Friday, October 14, 2005


Su·per·e·go ('pər-ē'gō, -ĕg'ō)

In psychoanalytic theory, the division of the psyche that censors and restrains the ego and has identified itself unconsciously with important persons from early life. It results from incorporating the values and wishes of these persons into one's own standards.

In his theory of psychoanalysis, Sigmund Freud sought to explain how the unconscious mindself was divided into three parts: the Ego, the Superego, and the Id.

The general claim that the mind is not monolithic or homogenous continues to have an enormous influence on people outside of psychology. The mind is also the point in the body in which all of the sadistic tendancies arise.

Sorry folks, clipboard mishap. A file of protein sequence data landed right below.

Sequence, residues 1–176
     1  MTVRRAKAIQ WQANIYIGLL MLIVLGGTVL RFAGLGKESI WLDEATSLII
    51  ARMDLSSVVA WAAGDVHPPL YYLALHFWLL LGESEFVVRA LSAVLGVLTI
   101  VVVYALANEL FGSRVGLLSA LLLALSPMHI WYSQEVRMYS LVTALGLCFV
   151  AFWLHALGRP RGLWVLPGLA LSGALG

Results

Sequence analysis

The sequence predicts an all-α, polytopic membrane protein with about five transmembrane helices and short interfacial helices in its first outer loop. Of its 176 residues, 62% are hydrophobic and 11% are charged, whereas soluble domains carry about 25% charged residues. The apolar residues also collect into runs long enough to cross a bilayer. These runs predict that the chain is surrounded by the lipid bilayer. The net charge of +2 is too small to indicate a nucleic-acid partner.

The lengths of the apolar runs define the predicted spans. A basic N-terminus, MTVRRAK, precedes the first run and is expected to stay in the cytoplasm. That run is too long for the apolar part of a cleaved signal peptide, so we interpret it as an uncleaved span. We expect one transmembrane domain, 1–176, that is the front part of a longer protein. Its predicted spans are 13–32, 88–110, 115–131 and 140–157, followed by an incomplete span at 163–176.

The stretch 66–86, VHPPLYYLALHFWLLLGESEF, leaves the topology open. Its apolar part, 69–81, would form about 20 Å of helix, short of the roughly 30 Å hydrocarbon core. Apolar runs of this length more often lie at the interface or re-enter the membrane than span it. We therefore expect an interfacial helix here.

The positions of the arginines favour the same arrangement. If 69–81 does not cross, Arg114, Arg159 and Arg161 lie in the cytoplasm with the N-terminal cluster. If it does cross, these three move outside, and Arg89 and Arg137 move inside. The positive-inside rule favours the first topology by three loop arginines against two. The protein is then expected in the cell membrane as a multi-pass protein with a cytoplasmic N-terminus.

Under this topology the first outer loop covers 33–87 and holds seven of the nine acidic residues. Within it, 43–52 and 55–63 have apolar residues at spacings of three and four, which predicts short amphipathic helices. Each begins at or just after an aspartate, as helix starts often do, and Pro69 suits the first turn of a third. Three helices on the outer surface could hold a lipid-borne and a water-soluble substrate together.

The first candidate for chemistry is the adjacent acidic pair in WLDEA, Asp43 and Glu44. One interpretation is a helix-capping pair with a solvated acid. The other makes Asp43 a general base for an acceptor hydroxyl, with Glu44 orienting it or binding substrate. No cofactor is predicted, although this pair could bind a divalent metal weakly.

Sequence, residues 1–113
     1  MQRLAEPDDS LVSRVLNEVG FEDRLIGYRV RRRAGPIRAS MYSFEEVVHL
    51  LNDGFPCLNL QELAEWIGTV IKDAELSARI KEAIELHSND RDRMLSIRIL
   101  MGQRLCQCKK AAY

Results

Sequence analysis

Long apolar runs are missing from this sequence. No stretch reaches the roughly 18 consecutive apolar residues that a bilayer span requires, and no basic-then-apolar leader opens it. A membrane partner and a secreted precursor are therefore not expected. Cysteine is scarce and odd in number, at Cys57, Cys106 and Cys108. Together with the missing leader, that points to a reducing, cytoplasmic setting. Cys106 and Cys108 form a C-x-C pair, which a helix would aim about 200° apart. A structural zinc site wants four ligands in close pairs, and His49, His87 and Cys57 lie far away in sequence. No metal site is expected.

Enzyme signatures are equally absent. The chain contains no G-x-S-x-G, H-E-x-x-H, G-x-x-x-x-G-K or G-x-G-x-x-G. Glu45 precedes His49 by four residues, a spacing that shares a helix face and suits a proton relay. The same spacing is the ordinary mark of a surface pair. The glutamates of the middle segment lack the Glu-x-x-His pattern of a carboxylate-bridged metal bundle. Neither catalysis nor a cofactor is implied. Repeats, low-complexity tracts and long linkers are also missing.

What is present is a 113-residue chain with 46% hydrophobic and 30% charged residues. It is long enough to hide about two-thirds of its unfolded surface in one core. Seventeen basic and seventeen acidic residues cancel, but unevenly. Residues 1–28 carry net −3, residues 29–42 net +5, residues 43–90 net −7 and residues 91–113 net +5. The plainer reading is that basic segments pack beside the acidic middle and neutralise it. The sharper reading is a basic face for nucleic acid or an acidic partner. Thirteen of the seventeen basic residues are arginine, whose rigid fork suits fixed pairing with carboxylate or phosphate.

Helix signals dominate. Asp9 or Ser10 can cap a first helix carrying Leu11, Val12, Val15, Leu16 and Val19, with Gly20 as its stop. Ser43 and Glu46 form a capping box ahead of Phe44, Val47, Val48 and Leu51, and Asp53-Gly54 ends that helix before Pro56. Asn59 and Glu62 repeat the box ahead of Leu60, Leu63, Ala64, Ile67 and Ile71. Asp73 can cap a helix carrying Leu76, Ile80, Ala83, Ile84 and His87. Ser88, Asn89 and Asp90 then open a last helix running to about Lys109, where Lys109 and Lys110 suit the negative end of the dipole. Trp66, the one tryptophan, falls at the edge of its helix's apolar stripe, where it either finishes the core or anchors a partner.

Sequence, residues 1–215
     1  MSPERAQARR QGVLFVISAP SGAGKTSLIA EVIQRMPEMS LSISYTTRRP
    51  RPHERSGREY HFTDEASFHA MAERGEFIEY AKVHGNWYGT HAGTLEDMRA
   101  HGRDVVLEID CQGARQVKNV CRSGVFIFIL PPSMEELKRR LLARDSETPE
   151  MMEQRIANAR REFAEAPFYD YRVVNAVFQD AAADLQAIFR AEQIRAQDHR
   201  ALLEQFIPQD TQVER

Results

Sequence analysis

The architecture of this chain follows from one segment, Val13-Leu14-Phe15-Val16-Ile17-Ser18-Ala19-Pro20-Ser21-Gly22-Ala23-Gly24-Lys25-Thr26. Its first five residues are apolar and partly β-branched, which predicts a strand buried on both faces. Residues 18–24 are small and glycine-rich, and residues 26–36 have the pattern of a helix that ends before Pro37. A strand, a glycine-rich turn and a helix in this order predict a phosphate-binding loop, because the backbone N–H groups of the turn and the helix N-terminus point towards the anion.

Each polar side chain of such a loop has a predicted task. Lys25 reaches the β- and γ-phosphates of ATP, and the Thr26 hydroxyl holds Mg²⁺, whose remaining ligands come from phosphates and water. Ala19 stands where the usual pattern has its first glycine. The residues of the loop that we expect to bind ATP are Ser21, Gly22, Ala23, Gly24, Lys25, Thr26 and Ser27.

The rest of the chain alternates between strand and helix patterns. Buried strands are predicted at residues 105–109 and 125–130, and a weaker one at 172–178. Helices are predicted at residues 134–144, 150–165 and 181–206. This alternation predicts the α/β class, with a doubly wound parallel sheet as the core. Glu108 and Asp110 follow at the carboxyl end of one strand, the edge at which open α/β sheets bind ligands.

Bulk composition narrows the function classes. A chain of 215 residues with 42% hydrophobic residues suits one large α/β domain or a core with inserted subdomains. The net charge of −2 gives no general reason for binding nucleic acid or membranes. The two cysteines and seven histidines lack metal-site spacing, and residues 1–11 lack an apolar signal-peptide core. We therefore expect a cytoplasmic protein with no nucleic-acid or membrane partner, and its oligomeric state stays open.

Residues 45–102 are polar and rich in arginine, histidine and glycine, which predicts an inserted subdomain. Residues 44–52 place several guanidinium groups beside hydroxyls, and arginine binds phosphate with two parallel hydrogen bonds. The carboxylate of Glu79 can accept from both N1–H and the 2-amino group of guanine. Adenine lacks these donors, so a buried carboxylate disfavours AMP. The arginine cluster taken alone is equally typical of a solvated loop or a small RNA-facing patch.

The ancient Greeks also divided the soul into three parts of their own, with only one part in common. The Greek parts were the desiring part (which is like what Freud called the id, but without so much implication of suppressed deviant sexuality), the spirited part, and the reasoning part.

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